“We will not stop fighting to make education equitable for everyone. This win is just the beginning of what our community can do,” said ESFS Co-Founder and Co-President Elisabet Ortiz (25C). 

Oritz, along with her fellow co-founders Alysha Posternak (24C) and Galoustian, will continue to advocate for students and unite their organization against inequity on Emory’s campus. Even on the heels of this minimum wage passing, ESFS’ Instagram continues to aid low income and marginalized students by publicizing student needs and places for the community to donate. Increasing the minimum wage for student-workers was a critical step, but there is still much work to be done. Both Emory administration and community members should continue to support ESFS’ initiatives — like their requests for monetary aid to low income students — in order to grow this organization’s community impact. This organization has been a trailblazer; considering their organizing efforts have created permanent, institutional change, the credibility ESFS currently possesses will only be strengthened by fellow students continuing to rally for its initiatives. 

To announce this policy revision, the University released a statement citing Emory’s competitiveness as a student employer. Emory needs to continue to hire students in order to maintain support for departments that require student employees. Higher wages from competitors like unassociated Atlanta restaurants or online employers pulls away student workers from those department openings.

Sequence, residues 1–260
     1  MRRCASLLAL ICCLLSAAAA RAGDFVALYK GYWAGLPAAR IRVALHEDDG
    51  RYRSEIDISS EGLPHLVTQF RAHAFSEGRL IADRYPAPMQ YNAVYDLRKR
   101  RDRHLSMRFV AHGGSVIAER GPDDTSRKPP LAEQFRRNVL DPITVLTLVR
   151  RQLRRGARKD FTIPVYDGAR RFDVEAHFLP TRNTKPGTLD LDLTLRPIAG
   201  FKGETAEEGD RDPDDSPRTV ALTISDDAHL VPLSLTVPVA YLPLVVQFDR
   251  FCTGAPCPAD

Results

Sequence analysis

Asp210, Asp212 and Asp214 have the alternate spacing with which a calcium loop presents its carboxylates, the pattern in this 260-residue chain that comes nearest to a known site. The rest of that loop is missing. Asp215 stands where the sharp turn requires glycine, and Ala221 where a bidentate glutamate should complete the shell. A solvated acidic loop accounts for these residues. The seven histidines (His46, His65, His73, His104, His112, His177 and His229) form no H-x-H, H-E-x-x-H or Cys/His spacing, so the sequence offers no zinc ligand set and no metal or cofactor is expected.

Emory’s step to implement this new policy will not only support student wellness and livelihood, but will also support Emory’s own employment rates and success against competitors. However, Emory’s statement does not mention the efforts made by ESFS or their community allies.  Considering the mobilizing work of hundreds of students over the past year, credit is deserved where credit is due. 

This minimum wage was a long-time coming, and ESFS’ dedication and energy only shows that their advocacy will continue to support all Emory students for a better school. In the future, the Emory administration should continue to listen to peer advocacy groups like ESFS. The administration’s policies directly affect students, and should thus be influenced by their concerns; ESFS has done the admirable liberty of reminding students that their collective power is enough to create effective change. Emory students: the future of equity on campus is waiting for you to help shape it.  

Apt reception from the administration, as well as cooperation and unity between student advocacy organizations like ESFS and Emory Student Government Association, is how the future of equity on Emory’s campus will be shaped. 

The above editorial represents the majority opinion of the Wheel’s Editorial Board. The Editorial Board is composed of Isabelle Bellott-McGrath, Rachel Broun, Evelyn Cho, Ellie Fivas, Marc Goedemans, Aayam Kc, Elyn Lee, Saanvi Nayar, Shruti Nemala, Nushrat Nur, Sara Perez and Kayla Robinson.

Correction 12/12/2022 6:19p.m.: A previous version of this article wrote that the minimum wage would increase to $15 in spring 2024, however this is not the case, and the minimum wage will reach $15 in September 2024. 

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The Editorial Board is the official voice of the Emory Wheel and is editorially separate from the Wheel's board of editors.